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Anti-Jewish Rumor Widely Circulated in Pakistan




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Fox News Channel
http://www.foxnews.com/story/0,2933,35301,00.html

Anti-Jewish Rumor Widely Circulated in Pakistan

Friday, September 28, 2001
By Refet Kaplan

ISLAMABAD, Pakistan Far-fetched conspiracy theories are common here, but there's a particularly insidious story spreading so widely among some Pakistanis now that it may fundamentally distort their view of what happened on Sept. 11.

The theory which lacks a shred of evidence goes like this: The attacks were actually carried out by the Israeli government, in an effort to both defame Islam and strike a secret blow against Christianity. The claim is that some 4,000 Jews who worked in the World Trade Center were told to either skip the day or show up late, thus saving them from the destruction that followed.

Americans recognize the story as a particularly cruel one, of course, since hundreds of Jews perished in the Twin Towers, along with an estimated 100 Israeli citizens. And many responsible Pakistanis dismiss the reports.

But that hasn't stopped a wide range of others from spreading the tale with an alarming degree of detail and consistency.

"Ask yourself why more than 4,000 Jews working at the Twin Towers didn't go to work on the day of the attack," proclaimed a "fact sheet" issued by an Islamic student group that gathered outside the U.N. offices in a protest on Friday. "Either the Mossad did it and warned the Jews some time before, or the Jews ... warned the other Jews but did not warn the Americans."

Similar rallies around the capital in recent days have sounded the common theme that the U.S. investigation should be directed at Israel rather than Usama bin Laden.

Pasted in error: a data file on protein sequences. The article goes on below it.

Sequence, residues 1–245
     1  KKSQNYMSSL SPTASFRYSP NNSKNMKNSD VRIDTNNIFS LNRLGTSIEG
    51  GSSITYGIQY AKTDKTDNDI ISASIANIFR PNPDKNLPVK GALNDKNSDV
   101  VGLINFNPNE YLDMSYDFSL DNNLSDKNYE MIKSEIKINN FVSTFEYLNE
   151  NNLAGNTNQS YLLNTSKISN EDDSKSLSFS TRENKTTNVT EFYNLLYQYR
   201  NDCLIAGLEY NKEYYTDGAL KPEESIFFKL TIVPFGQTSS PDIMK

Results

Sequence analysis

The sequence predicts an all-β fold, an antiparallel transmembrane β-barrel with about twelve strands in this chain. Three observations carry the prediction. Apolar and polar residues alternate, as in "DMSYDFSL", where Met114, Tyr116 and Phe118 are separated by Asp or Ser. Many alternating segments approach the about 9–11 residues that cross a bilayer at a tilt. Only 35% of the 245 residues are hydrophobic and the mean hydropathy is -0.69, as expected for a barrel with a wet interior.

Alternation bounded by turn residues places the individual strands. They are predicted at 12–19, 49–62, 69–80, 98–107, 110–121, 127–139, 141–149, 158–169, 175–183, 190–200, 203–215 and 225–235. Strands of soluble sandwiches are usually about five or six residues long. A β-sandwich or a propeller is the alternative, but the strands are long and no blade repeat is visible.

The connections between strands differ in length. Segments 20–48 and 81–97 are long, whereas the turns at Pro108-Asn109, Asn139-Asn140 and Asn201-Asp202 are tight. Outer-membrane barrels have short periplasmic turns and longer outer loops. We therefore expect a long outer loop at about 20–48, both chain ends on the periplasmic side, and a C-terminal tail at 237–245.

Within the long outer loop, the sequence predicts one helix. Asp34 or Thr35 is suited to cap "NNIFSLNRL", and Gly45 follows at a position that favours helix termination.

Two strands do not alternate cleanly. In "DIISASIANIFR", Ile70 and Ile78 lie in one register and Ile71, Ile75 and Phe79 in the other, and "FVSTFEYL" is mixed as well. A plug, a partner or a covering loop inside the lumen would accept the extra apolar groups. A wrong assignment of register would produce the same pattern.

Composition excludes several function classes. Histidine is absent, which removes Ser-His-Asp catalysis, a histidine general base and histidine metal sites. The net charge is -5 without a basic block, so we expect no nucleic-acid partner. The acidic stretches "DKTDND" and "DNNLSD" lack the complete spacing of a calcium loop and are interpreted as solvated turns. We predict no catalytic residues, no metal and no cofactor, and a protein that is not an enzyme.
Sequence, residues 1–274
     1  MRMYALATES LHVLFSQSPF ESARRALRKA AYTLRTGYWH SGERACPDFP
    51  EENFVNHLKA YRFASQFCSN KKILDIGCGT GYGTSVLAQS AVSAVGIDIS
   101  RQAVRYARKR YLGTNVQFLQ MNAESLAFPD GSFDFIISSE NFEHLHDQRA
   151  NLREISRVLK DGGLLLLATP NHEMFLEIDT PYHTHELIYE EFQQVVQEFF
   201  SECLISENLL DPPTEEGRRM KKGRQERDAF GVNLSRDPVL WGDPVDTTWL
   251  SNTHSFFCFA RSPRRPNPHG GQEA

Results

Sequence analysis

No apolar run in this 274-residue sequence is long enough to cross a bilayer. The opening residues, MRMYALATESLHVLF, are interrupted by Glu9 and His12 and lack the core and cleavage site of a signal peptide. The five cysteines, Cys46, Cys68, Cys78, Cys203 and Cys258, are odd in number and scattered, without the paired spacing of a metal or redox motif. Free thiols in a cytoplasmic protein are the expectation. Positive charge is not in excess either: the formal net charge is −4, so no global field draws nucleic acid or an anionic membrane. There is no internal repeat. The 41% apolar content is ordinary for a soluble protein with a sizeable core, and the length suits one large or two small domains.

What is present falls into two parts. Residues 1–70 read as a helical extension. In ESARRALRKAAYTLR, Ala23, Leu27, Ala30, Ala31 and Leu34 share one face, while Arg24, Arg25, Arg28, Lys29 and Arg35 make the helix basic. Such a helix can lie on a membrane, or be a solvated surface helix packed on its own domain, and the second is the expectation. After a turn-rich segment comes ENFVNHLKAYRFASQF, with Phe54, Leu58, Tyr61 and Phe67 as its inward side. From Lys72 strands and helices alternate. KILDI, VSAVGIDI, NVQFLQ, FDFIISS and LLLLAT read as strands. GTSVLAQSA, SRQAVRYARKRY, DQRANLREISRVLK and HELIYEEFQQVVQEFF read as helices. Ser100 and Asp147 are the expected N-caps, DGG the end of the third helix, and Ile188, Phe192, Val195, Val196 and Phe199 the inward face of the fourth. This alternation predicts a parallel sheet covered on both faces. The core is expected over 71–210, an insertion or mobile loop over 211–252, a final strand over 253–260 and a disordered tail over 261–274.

"All Pakistani newspapers, all the papers in the area, they all write it here," shouted a protester at one rally, jabbing copies of articles proclaiming Israel's guilt, but offering no evidence. "They could not be wrong. They could not be wrong."

Several Pakistani media experts said the disinformation plan would not have much effect on the government's pro-U.S. policy. But that could change, said one leading newspaper editor, if the size of public protests grew dramatically. That has yet to happen.

Most such theories quickly pass through the usual circles of conspiracy enthusiasts and mutate into even more unbelievable tales before dissolving into the background of hyperbole. And that may happen here.

But this story has been told so often, by so many people, that it is simply taken as fact no matter how wild it really is.

"I know every Jew working in the World Trade Center personally received a phone call to warn them," insisted Rashid, a restaurant worker. He dismissed a reporter's suggestions it would be quite impossible for such a large group of any workers to receive the calls without telling their bosses, co-workers and loved ones, or the police.

Even those who rightly dismiss the story acknowledge that its discussion has been widespread.

"It's certainly the talk of town, you can say that," said Dawnnewspaper editor Ahmed Kamel. "But there is no source on these stories. There has been no proof issued to support such claims."

But that hasn't stopped several newspapers from pumping the story. References to the "4,000 Jews" runs in news articles, columns and reader e-mails, often without refutation.

Kamel and some others believe the story was manufactured somewhere in the Middle East, and exported here through any number of extremist Islamic groups. There's no way to know. Many also blame the area's imams for spreading the story over and over again at the city's mosques.

It's not just extremist Muslims who believe the story. Many Pakistani professionals have implored journalists to investigate the claims, directing them to the FBI, the CIA, or any one of a number of U.S. federal agencies said to be looking into the charges.

There is no such investigation, U.S. officials insist. The evidence focuses clearly on bin Laden, a fact that will become clear when and if the Bush administration chooses to make that information public, they say.

For now, the conspiracy theorists have no explanation of why and how the suspects named by the Justice Department were on those fateful flights that morning. They either dismiss the claims, or argue that perhaps the suspects were actually Israeli agents.

They also cite the Bush administration's steady dedication to a prolonged and far-reaching investigation as "proof" of Israel's involvement.

"If it was really Usama, they would have finished this in one or two days," said Rashid. "They know it was the Jews, so they are just distracting us by all this other business."







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